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Sam Adams

U.S. Landings in Africa Mark New Phase in War

Military Offensive Presses Hitler, but Imperialist War Still a Long Way from End

(November 1942)

From Labor Action, Vol. 6 No. 46, 16 November 1942, pp. 1 & 4.
Transcribed & marked up by Einde O’ Callaghan for the Encyclopaedia of Trotskyism On-Line (ETOL).

On the twenty-fourth anniversary of Armistice Day, the Second World War has spread to new and greater fronts. American land, sea and air forces, aided by the British, landed this week at a number of points in French North Africa.

With great speed, occasioned by the surprise nature of the landings, key ports and capital cities were quickly invested and occupied. American troops are now moving eastward to attack Rommel and catch him in a pincer with the British coming westward. They are rushing rapidly into Tunisia and toward Tripoli to meet counter-attacks of the German and Italian forces now rushed to North Africa to prevent that part of the Continent and the lower half of the Mediterranean from falling into the hands of the Allies.

Allied forces already occupy the principal cities – Oran, Algiers and Casablanca – and a number of intermediate points. Troops continue to land and a vast amount of weapons is being sent ashore in preparation for the counter-blows expected from the Axis.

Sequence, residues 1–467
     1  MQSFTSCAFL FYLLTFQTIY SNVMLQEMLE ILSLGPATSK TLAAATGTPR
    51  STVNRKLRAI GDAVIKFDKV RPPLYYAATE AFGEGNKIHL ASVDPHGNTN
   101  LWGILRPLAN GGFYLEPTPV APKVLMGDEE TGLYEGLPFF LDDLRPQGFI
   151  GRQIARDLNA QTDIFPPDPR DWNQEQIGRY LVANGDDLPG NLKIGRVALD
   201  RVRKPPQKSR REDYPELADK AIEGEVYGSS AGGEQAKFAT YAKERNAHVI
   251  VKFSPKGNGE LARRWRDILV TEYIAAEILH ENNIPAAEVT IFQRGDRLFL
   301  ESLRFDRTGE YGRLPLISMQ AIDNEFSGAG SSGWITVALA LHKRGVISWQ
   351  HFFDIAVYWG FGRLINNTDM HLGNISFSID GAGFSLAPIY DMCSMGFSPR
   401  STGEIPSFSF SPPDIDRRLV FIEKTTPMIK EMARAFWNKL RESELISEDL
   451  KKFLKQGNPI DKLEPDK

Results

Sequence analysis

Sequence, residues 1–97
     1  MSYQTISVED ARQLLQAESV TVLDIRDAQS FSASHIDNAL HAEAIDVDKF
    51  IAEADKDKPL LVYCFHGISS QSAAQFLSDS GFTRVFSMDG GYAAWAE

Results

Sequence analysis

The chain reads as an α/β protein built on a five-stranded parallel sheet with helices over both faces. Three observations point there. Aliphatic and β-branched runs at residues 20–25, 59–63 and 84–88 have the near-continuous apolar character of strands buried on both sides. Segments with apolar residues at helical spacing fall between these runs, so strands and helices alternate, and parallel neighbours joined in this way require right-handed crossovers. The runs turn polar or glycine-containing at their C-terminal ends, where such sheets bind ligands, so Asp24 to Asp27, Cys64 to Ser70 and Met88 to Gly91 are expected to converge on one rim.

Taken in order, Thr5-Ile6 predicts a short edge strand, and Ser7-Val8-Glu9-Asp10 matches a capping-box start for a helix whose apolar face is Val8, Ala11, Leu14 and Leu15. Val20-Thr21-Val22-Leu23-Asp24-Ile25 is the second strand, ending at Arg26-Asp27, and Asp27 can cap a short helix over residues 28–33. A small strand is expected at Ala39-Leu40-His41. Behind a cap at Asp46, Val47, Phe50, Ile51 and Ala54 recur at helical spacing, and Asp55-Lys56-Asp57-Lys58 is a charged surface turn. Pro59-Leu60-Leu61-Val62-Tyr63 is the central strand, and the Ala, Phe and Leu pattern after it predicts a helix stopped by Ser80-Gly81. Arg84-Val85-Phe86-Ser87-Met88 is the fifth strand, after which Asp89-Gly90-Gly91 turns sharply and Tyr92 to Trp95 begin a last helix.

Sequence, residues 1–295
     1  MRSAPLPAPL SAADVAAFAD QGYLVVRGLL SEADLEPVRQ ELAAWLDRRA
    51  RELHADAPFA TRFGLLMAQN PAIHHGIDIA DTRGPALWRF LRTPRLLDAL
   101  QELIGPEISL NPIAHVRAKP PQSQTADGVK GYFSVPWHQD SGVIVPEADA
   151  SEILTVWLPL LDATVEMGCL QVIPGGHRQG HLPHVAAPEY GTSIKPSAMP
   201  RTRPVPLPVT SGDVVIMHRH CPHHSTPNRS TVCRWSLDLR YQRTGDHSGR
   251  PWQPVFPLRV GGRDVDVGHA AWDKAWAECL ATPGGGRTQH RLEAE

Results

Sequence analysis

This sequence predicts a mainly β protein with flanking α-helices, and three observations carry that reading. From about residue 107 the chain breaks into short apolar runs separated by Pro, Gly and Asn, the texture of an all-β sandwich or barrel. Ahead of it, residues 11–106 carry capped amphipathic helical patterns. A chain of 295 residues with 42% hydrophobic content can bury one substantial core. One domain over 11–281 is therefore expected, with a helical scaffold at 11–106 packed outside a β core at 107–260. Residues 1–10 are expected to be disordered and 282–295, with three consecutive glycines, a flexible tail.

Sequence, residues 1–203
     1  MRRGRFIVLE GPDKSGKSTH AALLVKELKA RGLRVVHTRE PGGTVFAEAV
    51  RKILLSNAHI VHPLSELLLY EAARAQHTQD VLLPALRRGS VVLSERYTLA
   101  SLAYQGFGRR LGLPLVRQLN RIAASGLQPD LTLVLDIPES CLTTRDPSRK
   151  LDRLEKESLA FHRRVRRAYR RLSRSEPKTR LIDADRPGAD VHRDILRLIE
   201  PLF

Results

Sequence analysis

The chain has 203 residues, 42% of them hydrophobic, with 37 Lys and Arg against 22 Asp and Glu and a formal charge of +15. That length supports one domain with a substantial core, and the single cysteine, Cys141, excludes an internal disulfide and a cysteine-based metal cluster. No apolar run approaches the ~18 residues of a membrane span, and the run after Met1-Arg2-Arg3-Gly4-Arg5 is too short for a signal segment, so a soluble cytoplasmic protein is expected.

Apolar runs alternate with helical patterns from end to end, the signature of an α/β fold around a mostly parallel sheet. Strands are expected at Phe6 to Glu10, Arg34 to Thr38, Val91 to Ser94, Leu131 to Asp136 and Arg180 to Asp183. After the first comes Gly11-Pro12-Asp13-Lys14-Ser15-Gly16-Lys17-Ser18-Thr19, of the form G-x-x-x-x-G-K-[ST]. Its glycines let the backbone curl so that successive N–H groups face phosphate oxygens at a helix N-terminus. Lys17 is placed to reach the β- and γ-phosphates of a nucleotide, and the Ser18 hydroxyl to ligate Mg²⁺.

Hitler Moves Over France

Reports coming in from the front indicate that the Allies counted upon defections in the French army, both among ranking officers and among the troops. General Henri Giraud at once went over to the Allies and is already being groomed as the leader of the French forces in North Africa. Admiral Darlan, anti-British commander of all the French forces, has been “captured” by the Americans, along with General Juin, commander of the French in Algiers. It is possible that they too will soon join the British and Americans and may already have done so at the time of this writing.

These early developments are overshadowed by the developments on the Continent. Following a hurriedly called meeting of Hitler, Mussolini and Laval, the German army crossed the demarcation point which divided Occupied and Unoccupied France and is in the process of taking over the whole country. They are racing to seize the key French ports on the Mediterranean and to prevent if possible the flight of the French fleet.

Hitler’s occupation of the whole of France has only intensified the national political-military situation. Early reports announce Petain’s plea to the French people to revolt against Hitler – by what means and with what kind of arms and for what purpose, is not made clear by the senile leader of Vichy. The French fleet was ordered to join the Allies. If this should occur the naval situation will be significantly altered in favor of the Allies.

While it is yet too early to pass judgment on the ultimate significance of the recent military developments, certain possibilities immediately show themselves.

The occupation of France by the German army will require for Hitler an ever-greater expenditure .of troops and materiel. And while his land army is still an enormous and powerful organization, it is bound to lengthen and therefore weaken his Continental line of defense. He must guard a sea coast many thousands of miles long, including now the whole Mediterranean Sea. His Italian ally is in a desperate position and without German aid and control would undoubtedly be knocked out of the war.